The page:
Heart attack performance review
One evening last month our home phone rang at2:25 am. It was a neighbor who said he didn’t feel well. We got dressed, grabbed our always-take-with-us bag, and went up to his apartment. We found him clutching his chest, so we called 911. This being New York City, and there fortuitously being no traffic tie-ups in Manhattan in the middle of this particular night, the first responders (firefighters, followed mere minutes later by EMTs), arrived in under five minutes. By 3:25 am he had been transported to Roosevelt hospital where he had been stabilized and given a chest X-ray. By 4:25 he had been transported to Saint Lukes and was already undergoing angio-catheterization.
In evaluating our supporting role in this drama, we had three criticisms. The first is that when we got the initial call we should have asked what the problem was and whether an ambulance was needed, rather than losing time getting dressed and going upstairs to see for ourselves. We would have saved some number of minutes had we done this.
Our second mistake occurred when we got upstairs and realized that he was having a heart attack. We had our trauma kit with us (as we always do), and should have immediately given him either a regular aspirin to chew, or, more reasonably, several baby aspirin to chew. We had both in the kit, and this would have cut down by a few minutes the time until the first responders arrived and gave him their baby aspirin, albeit with some nitroglycerin thrown into the mix on their part.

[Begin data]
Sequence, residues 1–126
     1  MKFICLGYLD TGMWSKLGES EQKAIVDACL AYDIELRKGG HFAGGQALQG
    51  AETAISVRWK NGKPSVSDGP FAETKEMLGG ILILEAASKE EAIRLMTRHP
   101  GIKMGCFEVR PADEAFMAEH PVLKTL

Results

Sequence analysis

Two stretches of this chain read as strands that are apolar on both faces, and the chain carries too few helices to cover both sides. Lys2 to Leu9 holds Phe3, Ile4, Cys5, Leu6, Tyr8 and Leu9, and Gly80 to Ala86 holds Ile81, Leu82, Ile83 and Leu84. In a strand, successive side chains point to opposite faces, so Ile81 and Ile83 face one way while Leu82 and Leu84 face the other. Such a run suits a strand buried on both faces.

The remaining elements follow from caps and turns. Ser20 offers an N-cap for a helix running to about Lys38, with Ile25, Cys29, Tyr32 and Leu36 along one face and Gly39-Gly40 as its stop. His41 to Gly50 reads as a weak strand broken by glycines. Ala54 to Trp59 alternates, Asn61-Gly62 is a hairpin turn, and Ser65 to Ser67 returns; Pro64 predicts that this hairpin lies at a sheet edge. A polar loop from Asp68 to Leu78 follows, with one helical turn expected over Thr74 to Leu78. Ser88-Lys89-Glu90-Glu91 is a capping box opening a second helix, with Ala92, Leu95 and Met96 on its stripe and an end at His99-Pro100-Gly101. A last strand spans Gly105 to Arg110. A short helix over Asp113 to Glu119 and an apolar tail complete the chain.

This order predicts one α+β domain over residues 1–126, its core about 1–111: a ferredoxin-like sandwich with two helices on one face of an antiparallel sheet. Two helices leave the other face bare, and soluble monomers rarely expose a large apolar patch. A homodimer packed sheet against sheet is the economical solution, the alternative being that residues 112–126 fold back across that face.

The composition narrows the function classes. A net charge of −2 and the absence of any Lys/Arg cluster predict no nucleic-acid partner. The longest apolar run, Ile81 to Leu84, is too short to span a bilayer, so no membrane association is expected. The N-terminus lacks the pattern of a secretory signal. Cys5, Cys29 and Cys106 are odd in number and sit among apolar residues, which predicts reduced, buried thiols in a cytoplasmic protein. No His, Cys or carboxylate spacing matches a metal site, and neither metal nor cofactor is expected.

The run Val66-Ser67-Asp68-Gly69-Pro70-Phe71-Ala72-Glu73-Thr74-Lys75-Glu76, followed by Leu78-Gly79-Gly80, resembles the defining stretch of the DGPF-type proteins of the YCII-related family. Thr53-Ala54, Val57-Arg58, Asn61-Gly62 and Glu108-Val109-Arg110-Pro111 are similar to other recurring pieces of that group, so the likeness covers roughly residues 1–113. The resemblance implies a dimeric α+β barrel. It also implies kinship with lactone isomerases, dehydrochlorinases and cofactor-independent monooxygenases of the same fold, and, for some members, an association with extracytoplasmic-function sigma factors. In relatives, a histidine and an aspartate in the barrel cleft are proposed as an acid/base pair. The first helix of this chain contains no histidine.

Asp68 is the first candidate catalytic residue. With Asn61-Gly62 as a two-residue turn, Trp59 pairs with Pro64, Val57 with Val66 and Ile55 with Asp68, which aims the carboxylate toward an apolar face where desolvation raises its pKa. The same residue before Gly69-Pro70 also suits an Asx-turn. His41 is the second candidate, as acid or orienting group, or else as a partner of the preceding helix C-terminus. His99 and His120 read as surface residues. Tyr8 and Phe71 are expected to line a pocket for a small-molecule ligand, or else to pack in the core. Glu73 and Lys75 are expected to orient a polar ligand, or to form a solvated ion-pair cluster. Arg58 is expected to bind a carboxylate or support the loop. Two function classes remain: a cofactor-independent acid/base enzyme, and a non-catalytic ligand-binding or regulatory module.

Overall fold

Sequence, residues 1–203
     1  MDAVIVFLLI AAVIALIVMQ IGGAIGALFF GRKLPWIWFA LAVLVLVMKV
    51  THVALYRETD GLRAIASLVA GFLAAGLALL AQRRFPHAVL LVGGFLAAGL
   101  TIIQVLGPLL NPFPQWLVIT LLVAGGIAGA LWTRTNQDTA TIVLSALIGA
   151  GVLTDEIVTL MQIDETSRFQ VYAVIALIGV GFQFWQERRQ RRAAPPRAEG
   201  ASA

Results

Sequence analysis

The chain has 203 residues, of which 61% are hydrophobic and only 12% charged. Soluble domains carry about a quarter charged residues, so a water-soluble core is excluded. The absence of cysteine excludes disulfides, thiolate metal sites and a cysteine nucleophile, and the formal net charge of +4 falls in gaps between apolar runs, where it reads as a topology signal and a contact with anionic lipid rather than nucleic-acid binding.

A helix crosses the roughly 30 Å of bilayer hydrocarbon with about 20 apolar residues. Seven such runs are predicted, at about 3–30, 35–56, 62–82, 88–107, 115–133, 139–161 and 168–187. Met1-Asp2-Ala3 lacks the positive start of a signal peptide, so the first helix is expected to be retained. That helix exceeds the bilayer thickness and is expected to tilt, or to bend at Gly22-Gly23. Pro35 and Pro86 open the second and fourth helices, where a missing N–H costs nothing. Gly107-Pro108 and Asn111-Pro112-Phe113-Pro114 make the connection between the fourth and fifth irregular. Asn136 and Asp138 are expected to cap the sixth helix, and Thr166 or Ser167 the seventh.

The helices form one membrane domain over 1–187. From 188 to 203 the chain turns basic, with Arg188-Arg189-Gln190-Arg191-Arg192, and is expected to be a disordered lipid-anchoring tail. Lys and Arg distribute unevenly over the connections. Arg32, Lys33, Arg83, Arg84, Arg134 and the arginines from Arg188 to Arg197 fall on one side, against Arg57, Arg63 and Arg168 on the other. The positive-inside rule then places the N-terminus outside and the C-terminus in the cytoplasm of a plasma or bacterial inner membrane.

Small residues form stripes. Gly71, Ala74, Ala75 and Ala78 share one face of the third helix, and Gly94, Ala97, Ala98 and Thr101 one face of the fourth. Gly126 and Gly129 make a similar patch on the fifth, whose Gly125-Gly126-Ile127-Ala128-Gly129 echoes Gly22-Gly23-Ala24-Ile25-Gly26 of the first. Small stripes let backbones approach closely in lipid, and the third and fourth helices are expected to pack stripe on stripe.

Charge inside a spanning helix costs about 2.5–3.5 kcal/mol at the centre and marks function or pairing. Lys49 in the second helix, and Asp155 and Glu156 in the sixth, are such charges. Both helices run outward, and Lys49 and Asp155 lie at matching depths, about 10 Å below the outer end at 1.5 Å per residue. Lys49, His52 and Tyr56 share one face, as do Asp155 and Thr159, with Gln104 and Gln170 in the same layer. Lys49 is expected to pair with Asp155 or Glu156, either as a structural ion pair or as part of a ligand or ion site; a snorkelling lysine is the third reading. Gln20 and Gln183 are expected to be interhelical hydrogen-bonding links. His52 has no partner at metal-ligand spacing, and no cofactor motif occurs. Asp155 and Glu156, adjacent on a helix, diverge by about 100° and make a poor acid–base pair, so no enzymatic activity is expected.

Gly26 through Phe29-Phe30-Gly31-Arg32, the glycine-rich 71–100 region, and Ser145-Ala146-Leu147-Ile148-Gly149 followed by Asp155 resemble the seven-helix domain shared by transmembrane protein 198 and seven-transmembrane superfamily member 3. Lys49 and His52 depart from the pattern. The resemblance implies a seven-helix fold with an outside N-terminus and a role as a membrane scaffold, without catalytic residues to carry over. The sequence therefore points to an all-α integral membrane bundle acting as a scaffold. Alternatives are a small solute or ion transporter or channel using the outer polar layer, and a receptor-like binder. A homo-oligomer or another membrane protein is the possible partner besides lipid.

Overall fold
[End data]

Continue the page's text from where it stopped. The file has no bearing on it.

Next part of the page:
The third mistake was technical: We did not start our conversation with 911 by giving our address followed by our name followed by the problem, which assures that if you get cut off they know whom to look for where and why. Rather, we answered their questions as asked. We didn’t get cut off, but should nonetheless have started with the where, who, and why.
As it worked out, the sequence of events moved swiftly enough that the minutes we had squandered didn’t matter. Even so, this was more a matter of luck than skill, and the lost time could just as easily have been fatal. While our friend was out of the hospital by Sunday, and more or less back to a quasi-normal routine a few days after that, it could just as easily have gone the other way, with the difference between life and death being a matter of a few minutes.
Independent of the confusion of being awakened from a sound sleep, we should have thought this eventuality through long before an incident occurred, and done better. We will next time….